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Does the Google Pixel Watch have fall detection? Not yet, but it’s coming soon

Looking for a great Android smartwatch? The Google Pixel Watch is Google’s response to the Apple Watch and the Samsung Galaxy Watch. With this new kid on the block, Google has inaugurated its own multi-device hardware-software ecosystem with many of the same critical health and safety features.

The Pixel Watch offers Google’s software suite, which users can access via LTE or smartphone connection, and incorporates health resources from Fitbit’s fitness line. The new watch, which runs Wear OS 3.5, is designed for optimal integration with the Google Pixel 7 and Google Pixel 7 Pro smartphones, which debuted alongside it.

Fall detection, a major safety feature, is often perceived as being for those over 60, who are more prone to accidents and balance issues around the home. According to the CDC, some 800,000 older people are hospitalized by fall-related accidents and these are the leading cause of death from injury of adults over 65. However, fall detection is also useful for younger people who are into sports, cycling, or other activities where hard and potentially dangerous falls can happen.

How does fall detection work?

Google Pixel Watch with fitness information displayed.
Andrew Martonik / Digital Trends

Apple and Samsung currently provide fall detection as part of their smartwatch feature set via built-in accelerometer and gyroscope. These sensors monitor a wearer’s normal activity all the time so the device can sense an unusual falling motion. Accelerometers measure changes in speed divided by time, while gyroscopes use gravity to determine orientation.

Both of these technologies working in tandem can detect whether someone has taken a fall. Fall Detection in both of these smartwatches is available through optional settings that must be enabled to work. Fall detection is not perfect, and the feature may not detect every single fall, but the tech has advanced in recent years to detect falls from workouts, hikes, biking, or Zumba classes.

When will the Pixel Watch get fall detection?

Google Pixel Watch on a wrist.
Andrew Martonik / Digital Trends

Fall detection will arrive on the Pixel Watch this winter, though an exact date has not yet been announced. Like its competing smartwatches, the Pixel Watch’s fall detection will automatically help to connect you to local emergency services or emergency contact if you sustain a hard fall. It will auto-dial those services for assistance if you are unresponsive.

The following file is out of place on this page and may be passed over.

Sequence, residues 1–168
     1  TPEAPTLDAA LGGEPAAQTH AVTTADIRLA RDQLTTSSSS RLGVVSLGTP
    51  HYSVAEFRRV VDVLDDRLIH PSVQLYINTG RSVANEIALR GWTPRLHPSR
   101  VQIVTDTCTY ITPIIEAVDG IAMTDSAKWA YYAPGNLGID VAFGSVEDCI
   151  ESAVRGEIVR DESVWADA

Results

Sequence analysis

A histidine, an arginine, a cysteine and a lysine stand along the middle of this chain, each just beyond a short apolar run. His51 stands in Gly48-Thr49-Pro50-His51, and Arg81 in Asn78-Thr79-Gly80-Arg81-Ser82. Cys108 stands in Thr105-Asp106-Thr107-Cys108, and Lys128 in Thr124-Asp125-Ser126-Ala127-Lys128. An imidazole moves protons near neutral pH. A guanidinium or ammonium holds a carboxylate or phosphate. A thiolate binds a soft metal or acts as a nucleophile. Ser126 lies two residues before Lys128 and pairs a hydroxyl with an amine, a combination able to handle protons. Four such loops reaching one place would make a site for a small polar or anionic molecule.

Emergency SOS is included now

Google Pixel Watch with grey strap.
Andrew Martonik / Digital Trends

Emergency SOS, which works with fall detection, requires location services to be enabled, as well as an internet connection either on the watch or via a Bluetooth connection to your Pixel smartphone. After you enable Emergency SOS on the Pixel Watch, it lets you quickly get help by pressing the watch crown five times in quick succession, which triggers a call directly to emergency services. When you set up emergency contacts, you can specify another person in addition to local responders to receive that call.

Setting this up on your Pixel Watch does not automatically sync the feature with your Google Pixel phone. Auto dialing to emergency services is not universally available worldwide, and Australia and Germany do not support emergency auto dialing.

There is no indication that the Pixel Watch intends to adopt Apple’s new crash detection feature, showcased in the Apple Watch Series 8, Apple Watch Ultra, and Apple Watch SE 2. In the event of a serious car accident, the newest Apple Watch checks whether you’re OK and follows up with a call to emergency services if you don’t respond within 10 seconds.

You can now pre-order the Google Pixel Watch from the Google Store. The watch costs $350 for the Bluetooth/Wi-Fi model and $400 for the 4G LTE model, with regular sales starting on October 13. Google is selling its smartwatch in the U.S, the U.K., Canada, Australia, Japan, Taiwan, and other EU countries.

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Jackie Dove
Jackie is an obsessive, insomniac tech writer and editor in northern California. A wildlife advocate, cat fan, and photo app…
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